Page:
It’s Sept. 25, 1985 at the Palace Theatre in downtown New Haven, Conn., and the buoyant staccato guitar rhythm, breezy sax and distinctly ’80s synth-pop has the crowd footloose.
UB40, which has since enticed countless people worldwide into pouring a glass of red red wine, is on stage. The British reggae-pop band has just put out a hot new single, a silky cover of Sonny and Cher’s “I Got You Babe” put to a Jamaican drum beat, springing the band into the Top 40. And the crowd, full of Yale college students and many cheering “prepubescent girls,” is “wildly enthusiastic” about the performance, as one student wrote in the Yale Daily News then.
For UB40, the night is but a liner note in the band’s 30-year run. But for Supreme Court nominee Brett M. Kavanaugh, the night has found its way into the dramatic narrative surrounding his confirmation hearings — in turn dragging the ’80s band named after a British unemployment benefits form (UB40) back into a spotlight.
By Monday evening, the band had become a trending hashtag on social media as a result of a report in the New York Times. The Times story detailed a bar fight on Sept. 25, 1985, that police say involved Kavanaugh, his friends and a random person mistaken for the lead singer of UB40. The new report comes as the FBI is investigating sexual misconduct allegations made against him by three women, with each allegation involving drinking in some way.
After the show that night, Kavanaugh, then 20, and his friends were drinking at a bar called Demery’s when they spotted a guy who looked just like UB40’s frontman, Ali Campbell, as Kavanaugh’s Yale classmate and former Yale basketball player Chad Ludington told The Washington Post. They began staring at him, Ludington said. So Ludington went over to the guy’s table to ask if he was Campbell.
“Turns out it wasn’t him,” Ludington told The Post. “He was New Haven tough. He said something aggressive like, ‘Screw off.’ ”
That’s when things escalated. According to the police report, Kavanaugh threw ice at the guy, resulting in what Ludington described as a brief melee. Ludington said the Campbell look-alike responded by taking a swing at Kavanaugh. And Kavanaugh’s friend responded by throwing his glass at the man, striking his ear and causing it to bleed, according to the police report.
Kavanaugh “did not want to say if he threw the ice or not” when speaking with police, the report states. The report doesn’t say whether anyone was arrested, according to the Times.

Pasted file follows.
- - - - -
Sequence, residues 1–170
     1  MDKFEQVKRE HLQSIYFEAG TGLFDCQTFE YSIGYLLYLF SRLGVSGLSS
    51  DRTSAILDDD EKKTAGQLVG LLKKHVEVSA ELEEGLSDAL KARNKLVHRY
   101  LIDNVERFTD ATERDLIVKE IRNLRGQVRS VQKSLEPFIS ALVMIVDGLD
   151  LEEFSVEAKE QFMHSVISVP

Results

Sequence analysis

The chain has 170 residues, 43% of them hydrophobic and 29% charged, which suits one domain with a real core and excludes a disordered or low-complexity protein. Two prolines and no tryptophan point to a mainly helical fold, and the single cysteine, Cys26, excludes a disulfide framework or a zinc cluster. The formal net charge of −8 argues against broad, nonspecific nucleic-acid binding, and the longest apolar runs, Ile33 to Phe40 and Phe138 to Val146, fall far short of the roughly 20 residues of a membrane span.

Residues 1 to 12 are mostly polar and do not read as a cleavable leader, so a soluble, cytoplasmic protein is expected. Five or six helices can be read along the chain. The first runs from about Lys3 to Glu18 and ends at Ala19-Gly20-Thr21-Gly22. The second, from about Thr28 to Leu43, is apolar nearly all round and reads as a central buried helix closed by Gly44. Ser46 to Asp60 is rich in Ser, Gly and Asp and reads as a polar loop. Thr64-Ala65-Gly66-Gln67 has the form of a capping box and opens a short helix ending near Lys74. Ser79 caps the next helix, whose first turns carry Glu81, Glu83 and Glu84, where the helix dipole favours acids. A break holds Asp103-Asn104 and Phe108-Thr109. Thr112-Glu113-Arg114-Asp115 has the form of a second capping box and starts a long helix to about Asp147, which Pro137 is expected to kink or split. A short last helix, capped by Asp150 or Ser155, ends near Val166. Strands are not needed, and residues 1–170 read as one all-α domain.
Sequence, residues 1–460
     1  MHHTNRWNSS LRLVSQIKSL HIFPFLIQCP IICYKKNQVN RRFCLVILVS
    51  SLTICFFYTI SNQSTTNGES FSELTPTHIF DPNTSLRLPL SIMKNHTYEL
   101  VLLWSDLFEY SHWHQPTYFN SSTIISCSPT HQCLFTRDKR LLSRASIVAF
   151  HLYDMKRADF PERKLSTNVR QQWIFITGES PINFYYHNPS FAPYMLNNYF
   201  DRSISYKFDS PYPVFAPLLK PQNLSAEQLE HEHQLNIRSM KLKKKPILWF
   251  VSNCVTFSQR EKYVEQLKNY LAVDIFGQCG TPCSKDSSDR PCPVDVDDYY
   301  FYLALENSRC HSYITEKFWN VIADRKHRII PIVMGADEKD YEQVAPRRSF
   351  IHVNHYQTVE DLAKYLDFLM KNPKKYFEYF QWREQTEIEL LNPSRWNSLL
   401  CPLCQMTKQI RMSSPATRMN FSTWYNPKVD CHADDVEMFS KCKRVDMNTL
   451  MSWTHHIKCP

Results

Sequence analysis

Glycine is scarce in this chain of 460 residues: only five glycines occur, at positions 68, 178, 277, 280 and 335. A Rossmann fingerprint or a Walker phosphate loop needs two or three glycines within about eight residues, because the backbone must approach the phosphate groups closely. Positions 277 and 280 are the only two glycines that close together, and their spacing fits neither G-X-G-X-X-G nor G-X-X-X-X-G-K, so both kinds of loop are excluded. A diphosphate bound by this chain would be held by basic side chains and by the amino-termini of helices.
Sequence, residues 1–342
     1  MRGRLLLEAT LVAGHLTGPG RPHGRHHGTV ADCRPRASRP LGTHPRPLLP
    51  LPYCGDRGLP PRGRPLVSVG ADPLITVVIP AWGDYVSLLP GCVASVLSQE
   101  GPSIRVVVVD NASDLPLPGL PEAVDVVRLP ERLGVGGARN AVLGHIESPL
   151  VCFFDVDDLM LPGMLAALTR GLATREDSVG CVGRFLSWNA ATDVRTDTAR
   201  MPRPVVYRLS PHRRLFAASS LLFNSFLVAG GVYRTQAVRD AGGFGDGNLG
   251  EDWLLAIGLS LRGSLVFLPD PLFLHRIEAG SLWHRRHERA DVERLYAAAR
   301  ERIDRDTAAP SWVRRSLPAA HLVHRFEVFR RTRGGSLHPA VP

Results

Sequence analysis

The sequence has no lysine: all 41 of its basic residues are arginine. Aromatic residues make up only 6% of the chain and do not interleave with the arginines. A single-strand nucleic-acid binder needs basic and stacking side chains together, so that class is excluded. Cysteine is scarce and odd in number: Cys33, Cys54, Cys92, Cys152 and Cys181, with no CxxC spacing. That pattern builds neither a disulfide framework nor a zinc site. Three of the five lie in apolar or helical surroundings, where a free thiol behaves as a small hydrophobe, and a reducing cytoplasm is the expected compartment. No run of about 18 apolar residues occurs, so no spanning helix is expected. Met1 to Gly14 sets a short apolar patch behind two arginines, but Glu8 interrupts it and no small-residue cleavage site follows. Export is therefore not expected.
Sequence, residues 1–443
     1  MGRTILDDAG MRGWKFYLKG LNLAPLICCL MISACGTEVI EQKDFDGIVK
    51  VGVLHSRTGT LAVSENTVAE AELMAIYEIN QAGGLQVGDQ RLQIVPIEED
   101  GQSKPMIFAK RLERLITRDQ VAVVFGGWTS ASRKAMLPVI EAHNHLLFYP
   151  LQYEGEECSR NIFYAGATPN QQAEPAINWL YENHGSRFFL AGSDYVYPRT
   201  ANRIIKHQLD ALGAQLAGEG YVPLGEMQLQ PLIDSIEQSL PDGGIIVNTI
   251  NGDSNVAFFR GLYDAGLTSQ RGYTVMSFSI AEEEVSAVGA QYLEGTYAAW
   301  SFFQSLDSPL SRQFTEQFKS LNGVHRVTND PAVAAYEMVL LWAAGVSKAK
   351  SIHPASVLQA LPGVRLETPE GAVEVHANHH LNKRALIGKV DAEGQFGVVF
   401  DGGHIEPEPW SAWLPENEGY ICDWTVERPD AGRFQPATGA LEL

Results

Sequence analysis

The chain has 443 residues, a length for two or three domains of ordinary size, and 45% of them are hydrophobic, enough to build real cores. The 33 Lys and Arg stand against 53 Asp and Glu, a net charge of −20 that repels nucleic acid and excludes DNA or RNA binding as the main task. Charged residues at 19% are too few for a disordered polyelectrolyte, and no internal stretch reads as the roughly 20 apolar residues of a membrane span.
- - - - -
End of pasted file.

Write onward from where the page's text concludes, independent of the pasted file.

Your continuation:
The reaction on social media to this newly revealed piece of information? A heavy dose of nostalgia for “Red Red Wine,” UB40’s hit Neil Diamond cover, and, alternatively, confusion as to why UB40 and “Red Red Wine” were suddenly trending.
By the time Kavanaugh may or may not have been a fan in 1985, UB40 was a band on the cusp of a boom, fresh off being named by Rolling Stone as the reggae band of the year and viewed by some as the next best thing since Bob Marley and Jimmy Cliff brought reggae to the mainstream.
The members of UB40, who had been childhood friends, got together in the British industrial town of Birmingham in 1978, while most of the members were unemployed — hence their band name. One day, Campbell received compensation money for an accident that happened in a bar and used it to buy drums, as Campbell’s brother and original band member Robin Campbell told the Gannett News Service in 1985.
When they started practicing in a Birmingham cellar in 1978, none of the eight band members — a mix of Jamaicans, Britons, Scots and Irish — had much experience playing instruments, People reported in 1984.
But by 1980 they had dropped their first record, “Signing Off.” It was a political statement more in tune with traditional reggae that railed against social ills of the day, cementing their early image as working-class underdogs.
On “Madam Medusa,” they called for Margaret Thatcher’s head. On “Tyler,” they decried the wrongful conviction of a black man. Their idea of a Christmas song — “Food for Thought” — was pointing out the hypocrisy of feasting on the holiday while people were starving in Africa.
But with more fame came more pop, birthing the vino lover’s anthem “Red Red Wine,” for which the band is best remembered.
UB40 is still touring these days — but two bands share that name now, the result of a split in 2008. Ali Campbell, the lead singer whose resemblance caused a bar fight, left the band. Two others followed. They play under the name “UB40 featuring Ali, Astro and Mickey.” The other UB40 claims to be the official one. It appears to be a point of contention.
Neither UB40 band returned requests for comment from The Post regarding how they feel about their cameo appearance in the web of allegations surrounding Kavanaugh’s confirmation hearings.